Marine Maj. Sterling Norton, 36, was killed when his F/A-18 Hornet crashed on July 28 during a live-fire nighttime training accident in Southern California.
Less than a week later, another F/A-18 from the same squadron crashed outside Naval Air Station Fallon, Nev. The pilot ejected safely – but it was the squadron’s third F/A-18 crash since October – two of which were fatal.
The Marine Corps, in response, conducted a one-day safety stand-down.
But such accidents are becoming more frequent – amid concerns that insufficient training and an aging fleet hobbled by a shortage of spare parts are contributing factors. A Fox News investigation reveals that, overall, the entire U.S. military saw a 48 percent increase in non-combat aviation crashes in 2014 and 2015 compared with the two prior years, based on press reports.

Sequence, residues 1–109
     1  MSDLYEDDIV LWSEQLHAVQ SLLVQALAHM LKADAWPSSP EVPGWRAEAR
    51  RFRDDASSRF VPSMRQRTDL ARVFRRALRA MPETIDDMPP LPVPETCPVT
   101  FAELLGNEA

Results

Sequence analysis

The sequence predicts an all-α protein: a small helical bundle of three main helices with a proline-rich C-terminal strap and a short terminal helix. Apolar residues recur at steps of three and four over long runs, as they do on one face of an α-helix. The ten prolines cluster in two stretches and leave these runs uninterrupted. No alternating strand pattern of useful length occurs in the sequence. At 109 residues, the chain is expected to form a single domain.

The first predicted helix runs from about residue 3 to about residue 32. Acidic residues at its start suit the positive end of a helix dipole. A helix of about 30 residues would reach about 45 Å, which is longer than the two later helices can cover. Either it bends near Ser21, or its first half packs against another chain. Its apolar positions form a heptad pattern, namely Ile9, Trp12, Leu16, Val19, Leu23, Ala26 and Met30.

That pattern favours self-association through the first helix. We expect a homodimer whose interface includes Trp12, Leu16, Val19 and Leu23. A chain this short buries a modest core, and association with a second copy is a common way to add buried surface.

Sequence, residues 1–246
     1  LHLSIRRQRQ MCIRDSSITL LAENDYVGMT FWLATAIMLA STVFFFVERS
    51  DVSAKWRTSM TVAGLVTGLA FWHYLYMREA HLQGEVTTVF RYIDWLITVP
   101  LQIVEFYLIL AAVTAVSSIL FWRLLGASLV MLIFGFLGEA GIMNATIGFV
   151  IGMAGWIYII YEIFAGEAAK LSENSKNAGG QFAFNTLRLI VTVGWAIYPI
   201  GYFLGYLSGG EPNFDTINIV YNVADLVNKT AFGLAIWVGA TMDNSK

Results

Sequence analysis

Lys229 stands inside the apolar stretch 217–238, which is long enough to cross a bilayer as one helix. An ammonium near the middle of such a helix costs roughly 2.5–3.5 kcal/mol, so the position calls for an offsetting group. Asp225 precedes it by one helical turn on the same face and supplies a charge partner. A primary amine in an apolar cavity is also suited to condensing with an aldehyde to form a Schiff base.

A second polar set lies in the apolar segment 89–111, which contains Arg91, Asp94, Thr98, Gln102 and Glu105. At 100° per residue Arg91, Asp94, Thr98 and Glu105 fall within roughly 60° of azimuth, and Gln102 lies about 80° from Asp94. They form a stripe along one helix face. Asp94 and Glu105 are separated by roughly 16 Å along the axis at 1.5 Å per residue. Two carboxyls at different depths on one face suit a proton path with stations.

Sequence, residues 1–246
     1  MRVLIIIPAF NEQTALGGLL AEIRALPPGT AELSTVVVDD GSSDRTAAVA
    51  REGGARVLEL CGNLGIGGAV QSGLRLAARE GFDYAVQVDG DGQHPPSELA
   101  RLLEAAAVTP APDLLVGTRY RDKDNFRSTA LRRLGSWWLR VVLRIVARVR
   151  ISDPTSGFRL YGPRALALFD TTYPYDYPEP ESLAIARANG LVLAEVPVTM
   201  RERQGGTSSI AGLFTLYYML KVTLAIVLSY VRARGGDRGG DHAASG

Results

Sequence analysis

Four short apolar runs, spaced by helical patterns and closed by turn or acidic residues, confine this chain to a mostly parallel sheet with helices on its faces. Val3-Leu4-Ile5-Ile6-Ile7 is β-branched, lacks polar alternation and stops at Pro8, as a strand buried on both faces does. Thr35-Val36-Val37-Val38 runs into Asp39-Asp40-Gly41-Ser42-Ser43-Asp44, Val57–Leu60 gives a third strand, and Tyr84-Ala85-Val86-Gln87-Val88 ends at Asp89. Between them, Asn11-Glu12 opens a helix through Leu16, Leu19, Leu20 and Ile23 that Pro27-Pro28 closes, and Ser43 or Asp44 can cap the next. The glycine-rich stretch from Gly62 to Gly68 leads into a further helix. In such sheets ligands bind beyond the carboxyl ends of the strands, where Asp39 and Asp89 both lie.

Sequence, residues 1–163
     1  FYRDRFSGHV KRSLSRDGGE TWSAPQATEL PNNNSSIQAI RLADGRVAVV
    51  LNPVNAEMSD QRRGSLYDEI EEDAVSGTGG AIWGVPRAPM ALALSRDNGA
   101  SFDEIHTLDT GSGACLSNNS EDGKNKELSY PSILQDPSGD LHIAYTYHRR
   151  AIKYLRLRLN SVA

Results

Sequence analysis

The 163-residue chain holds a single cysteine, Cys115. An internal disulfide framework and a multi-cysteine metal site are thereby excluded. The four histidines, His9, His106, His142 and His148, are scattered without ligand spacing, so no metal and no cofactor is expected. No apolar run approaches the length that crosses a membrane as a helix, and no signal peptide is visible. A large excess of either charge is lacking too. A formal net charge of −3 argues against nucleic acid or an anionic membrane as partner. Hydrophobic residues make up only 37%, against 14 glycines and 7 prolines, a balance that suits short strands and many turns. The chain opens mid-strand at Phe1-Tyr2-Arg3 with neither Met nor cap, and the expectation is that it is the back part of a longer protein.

“They are going up partly because they are not getting the training they should get. They’re going up because maintenance is harder and harder to accomplish. They are going up because the airplanes are getting older and older,” said House Armed Services Committee Chairman Mac Thornberry, R-Texas, in an interview with Fox News.
Maj. Norton deployed in combat to Afghanistan in 2012. His commanding officer called him one of his best pilots. According to the Washington Post, a Marine who witnessed the crash said Norton’s jet “broke apart in midair” while in a dive preparing to fire weapons.
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